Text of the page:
Please tell us about yourself.
I have always believed in striving for diverse academic and life experience. Putting oneself in a constructive, unfamiliar environment and observing how one reacts to what it has to offer is the best way I know to attain individual growth. Hence, after my B.Tech in Civil at VIT Vellore, when Virginia Tech, U.S., offered me full funding to join their M.S, programme in civil (environmental) engineering, I happily accepted it. At Virginia Tech, I carried out scientific environmental research that was published in a reputed international journal. During this period, I was exposed to a highly interdisciplinary nature of research. It soon dawned upon me that instead of living confined within one’s own academic realm, having the ability to survive at the nexus of economic, political and scientific front is critical for any individual who aspires to make a big impact in society.
How did you end up in such an offbeat, unconventional and unusual career?
So I returned from the U.S. to join the Young India Fellowship (YIF) in New Delhi for studying liberal arts. YIF turned out to be an extraordinary experience which transformed my understanding of the world. Arriving with an advanced American engineering degree, I found myself surrounded by amazing Young India Fellows who hailed from backgrounds as diverse as law, journalism, psychology, pharmacy, economics, political science and natural sciences, among others. We were encouraged to bring together our respective unique perspectives on current affairs and shape them into one coherent voice which I find to be a critical skillset to have in today’s intricately interwoven world. My YIF experience motivated me to study how government policies are framed around scientific research in environment. So when I was selected by the French Government among 12 national scholars for the Charpak exchange scholarship on YIF-Sciences Po exchange, I moved to Sciences Po, Paris, to study environmental policy.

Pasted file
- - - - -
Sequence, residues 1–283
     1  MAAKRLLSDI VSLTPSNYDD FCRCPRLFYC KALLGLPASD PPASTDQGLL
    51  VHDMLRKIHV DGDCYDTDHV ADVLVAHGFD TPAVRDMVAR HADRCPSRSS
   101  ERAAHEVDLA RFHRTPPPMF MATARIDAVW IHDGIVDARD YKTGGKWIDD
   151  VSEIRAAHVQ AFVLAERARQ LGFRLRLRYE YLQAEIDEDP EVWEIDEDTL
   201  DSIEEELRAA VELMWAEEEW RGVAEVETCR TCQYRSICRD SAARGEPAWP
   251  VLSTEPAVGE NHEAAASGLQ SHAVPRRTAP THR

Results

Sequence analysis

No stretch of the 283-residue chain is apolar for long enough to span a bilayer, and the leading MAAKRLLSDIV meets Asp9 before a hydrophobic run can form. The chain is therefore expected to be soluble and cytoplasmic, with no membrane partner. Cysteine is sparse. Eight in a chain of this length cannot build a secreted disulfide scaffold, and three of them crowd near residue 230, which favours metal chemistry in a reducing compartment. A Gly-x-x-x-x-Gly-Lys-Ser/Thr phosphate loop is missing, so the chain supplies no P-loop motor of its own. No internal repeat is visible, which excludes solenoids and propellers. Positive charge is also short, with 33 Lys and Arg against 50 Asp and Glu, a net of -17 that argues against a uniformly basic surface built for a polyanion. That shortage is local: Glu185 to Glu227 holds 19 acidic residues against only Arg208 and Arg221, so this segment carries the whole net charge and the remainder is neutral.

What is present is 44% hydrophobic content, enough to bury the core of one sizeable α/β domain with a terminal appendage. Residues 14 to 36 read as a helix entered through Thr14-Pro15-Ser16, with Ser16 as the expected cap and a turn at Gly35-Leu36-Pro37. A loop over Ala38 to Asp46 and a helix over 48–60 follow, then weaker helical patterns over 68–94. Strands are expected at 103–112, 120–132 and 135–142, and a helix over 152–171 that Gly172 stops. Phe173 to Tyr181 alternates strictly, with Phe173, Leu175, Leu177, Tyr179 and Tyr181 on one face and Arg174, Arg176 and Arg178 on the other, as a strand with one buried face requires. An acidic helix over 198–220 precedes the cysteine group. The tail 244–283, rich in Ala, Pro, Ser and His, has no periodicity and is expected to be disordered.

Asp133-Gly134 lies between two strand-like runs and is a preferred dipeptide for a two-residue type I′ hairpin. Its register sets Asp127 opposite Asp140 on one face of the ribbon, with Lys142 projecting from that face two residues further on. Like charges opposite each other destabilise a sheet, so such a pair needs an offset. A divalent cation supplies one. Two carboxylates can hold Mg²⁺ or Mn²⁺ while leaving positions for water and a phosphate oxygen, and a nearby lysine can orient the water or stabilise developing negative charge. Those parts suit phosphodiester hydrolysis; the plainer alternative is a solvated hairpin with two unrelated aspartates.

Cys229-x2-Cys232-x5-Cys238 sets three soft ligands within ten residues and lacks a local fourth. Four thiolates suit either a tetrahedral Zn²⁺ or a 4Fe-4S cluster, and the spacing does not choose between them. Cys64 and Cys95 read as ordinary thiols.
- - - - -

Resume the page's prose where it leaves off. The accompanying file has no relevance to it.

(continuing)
How was the YIF experience?
Sciences Po gave me the opportunity to interact with my European peers in a dynamic Parisian setting on topics such as environment and development in East Asia, sustainability of growth in developing nations, and economics and international geopolitics over mineral resources. While studying in Paris, I was brought to the forefront of political and economic challenges associated with the implementation of sustainable technological solutions to the ongoing environmental issues. I began to feel confident that I had received a holistic training necessary before starting on my doctoral degree. YIF was a positive inflection point in my career and continues to influence the succeeding events in unprecedented ways.
What are you doing now?
I am now pursuing PhD, conducting analytical environmental research in chemical and environmental engineering at Yale University, U.S. Yale highly encourages learning across the board which led me to interface engineering with economics and write a discussion on the alternatives to economic growth. It has been selected among the world’s best 16 articles for the Leaders of Tomorrow Summit at the St. Gallen Symposium 2016, Switzerland. I encourage students to strive for a holistic education in life as it enhances the effectiveness of one’s ideas in the modern world.